Title

Biceps femoris long-head architecture assessed using different sonographic techniques

Document Type

Journal Article

Publication Title

Medicine and science in sports and exercise

ISSN

1530-0315

Volume

50

Issue

12

First Page

2584

Last Page

2594

PubMed ID

30067589

Publisher

Lippincott Williams & Wilkins

School

School of Medical and Health Sciences / Centre for Exercise and Sports Science Research (CESSR)

Comments

Originally published as:

Pimenta, R., Blazevich, A. J., & Freitas, S. R. (2018). Biceps femoris long-head architecture assessed using different sonographic techniques. Medicine and Science in Sports and Exercise, 50(12). 2584-2594.

Original article available here.

Abstract

PURPOSE: To assess the repeatability of, and measurement agreement between, four sonographic techniques used to quantify biceps femoris long head (BFlh) architecture: (i) static-image with linear extrapolation; extended field-of-view (EFOV) with linear ultrasound probe path (linear-EFOV), using either (ii) straight or (iii) segmented analyses; and (iv) EFOV with nonlinear probe path and segmented analysis (nonlinear-EFOV) to follow the complex fascicle trajectories.

METHODS: Twenty individuals (24.4 ± 5.7 yr; 175 ± 0.8 cm; 73 ± 9.0 kg) without history of hamstrings strain injury were tested in two sessions separated by 1 h. An ultrasound scanner coupled with 6-cm linear probe was used to assess BFlh architecture in B-mode.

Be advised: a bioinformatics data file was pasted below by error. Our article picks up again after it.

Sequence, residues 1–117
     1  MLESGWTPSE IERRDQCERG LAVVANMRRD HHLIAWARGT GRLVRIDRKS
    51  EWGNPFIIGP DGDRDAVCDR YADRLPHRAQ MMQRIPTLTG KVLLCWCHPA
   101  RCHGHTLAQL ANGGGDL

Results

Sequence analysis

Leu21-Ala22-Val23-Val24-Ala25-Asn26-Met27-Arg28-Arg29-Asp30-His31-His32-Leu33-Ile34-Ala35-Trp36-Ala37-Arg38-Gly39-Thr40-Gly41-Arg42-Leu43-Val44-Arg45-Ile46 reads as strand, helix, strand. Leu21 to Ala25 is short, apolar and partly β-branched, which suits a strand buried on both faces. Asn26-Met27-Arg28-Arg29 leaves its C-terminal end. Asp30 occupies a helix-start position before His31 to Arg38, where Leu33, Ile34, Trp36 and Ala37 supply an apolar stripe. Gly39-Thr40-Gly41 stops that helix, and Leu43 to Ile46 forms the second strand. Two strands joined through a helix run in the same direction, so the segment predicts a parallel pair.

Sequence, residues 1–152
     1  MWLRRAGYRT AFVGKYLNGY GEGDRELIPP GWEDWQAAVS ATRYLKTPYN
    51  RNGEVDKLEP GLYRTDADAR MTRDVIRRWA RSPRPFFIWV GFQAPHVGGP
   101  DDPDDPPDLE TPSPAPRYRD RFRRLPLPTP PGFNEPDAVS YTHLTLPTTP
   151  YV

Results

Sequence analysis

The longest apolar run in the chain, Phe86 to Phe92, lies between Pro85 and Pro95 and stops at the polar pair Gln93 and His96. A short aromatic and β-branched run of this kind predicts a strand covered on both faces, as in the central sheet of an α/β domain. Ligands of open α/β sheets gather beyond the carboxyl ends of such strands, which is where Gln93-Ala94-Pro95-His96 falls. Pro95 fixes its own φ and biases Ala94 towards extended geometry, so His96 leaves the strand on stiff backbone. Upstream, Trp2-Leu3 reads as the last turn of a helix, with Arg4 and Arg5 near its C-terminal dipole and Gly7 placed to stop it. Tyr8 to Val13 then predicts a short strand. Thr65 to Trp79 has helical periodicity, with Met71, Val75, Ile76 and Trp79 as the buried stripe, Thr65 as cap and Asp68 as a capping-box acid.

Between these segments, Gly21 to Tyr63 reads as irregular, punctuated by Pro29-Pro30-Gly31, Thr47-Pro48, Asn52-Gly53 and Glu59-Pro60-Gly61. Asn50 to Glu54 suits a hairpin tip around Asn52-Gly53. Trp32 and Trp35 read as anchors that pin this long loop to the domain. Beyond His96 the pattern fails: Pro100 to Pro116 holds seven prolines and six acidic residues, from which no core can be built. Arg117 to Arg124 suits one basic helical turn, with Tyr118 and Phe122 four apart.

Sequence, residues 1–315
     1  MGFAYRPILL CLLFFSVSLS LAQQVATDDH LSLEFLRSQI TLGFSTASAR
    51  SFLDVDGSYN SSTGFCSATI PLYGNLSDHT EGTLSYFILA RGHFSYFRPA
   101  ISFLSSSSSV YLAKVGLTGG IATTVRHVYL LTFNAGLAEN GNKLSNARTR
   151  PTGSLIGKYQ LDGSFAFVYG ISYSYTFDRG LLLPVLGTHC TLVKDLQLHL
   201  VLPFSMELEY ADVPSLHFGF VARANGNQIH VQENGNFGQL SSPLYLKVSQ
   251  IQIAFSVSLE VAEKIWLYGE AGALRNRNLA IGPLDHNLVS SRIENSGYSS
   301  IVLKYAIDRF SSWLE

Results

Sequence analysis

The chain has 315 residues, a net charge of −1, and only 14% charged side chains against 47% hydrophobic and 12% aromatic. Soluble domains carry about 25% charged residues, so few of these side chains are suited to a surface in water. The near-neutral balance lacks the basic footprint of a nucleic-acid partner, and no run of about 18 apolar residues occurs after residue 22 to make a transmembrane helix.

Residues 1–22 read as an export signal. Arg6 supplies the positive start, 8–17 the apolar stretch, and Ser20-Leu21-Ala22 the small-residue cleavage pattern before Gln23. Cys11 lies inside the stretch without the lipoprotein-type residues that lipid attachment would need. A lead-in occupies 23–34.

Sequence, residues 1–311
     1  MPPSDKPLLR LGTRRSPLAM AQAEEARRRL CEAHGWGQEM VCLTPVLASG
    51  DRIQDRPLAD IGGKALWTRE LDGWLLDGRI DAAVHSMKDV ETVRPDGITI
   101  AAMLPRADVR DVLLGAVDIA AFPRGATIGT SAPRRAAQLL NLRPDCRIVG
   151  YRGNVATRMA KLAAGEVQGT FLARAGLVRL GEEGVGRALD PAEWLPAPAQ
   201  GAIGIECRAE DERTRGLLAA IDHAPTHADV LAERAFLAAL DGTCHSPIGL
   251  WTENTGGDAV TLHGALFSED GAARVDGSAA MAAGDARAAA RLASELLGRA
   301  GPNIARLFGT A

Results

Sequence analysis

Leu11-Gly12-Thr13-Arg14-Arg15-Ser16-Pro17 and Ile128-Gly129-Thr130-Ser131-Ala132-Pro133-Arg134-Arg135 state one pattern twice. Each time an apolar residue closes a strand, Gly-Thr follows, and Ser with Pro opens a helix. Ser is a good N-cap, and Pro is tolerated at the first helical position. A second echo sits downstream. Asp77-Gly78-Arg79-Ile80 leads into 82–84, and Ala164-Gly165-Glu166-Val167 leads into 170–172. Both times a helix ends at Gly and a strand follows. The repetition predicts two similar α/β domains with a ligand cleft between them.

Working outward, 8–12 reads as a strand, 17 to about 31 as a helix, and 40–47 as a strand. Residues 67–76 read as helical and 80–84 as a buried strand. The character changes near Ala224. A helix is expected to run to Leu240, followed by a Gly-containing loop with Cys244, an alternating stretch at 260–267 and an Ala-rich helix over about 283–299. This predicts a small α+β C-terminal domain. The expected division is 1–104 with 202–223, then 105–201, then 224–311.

RESULTS: The ultrasound probe was positioned at 52.0% ± 5.0% of femur length and 57.0% ± 6.0% of BFlh length. We found an acceptable repeatability when assessing BFlh fascicle length (ICC3,k = 0.86-0.95; SEM = 1.9-3.2 mm) and angle (ICC3,k = 0.86-0.97; SEM = 0.8°-1.1) using all sonographic techniques. However, the nonlinear-EFOV technique showed the highest repeatability (fascicle length ICC3,k = 0.95; fascicle angle, ICC3,k = 0.97). The static-image technique, which estimated 35.4% ± 7.0% of the fascicle length, overestimated fascicle length (8%-11%) and underestimated fascicle angle (8%-9%) compared with EFOV techniques. Also, the rank order of individuals varied by approximately 15% between static-image and nonlinear-EFOV (segmented) when assessing the fascicle length.

CONCLUSIONS: Although all techniques showed good repeatability, absolute errors were observed using static-image (7.9 ± 6.1 mm for fascicle length) and linear-EFOV (between 3.7 ± 3.0 and 4.2 ± 3.7 mm), probably because the complex fascicle trajectories were not followed. The rank order of individuals for fascicle length and angle were also different between static-image and nonlinear-EFOV, so different muscle function and injury risk estimates could likely be made when using this technique.

DOI

10.1249/MSS.0000000000001731

Share

 
COinS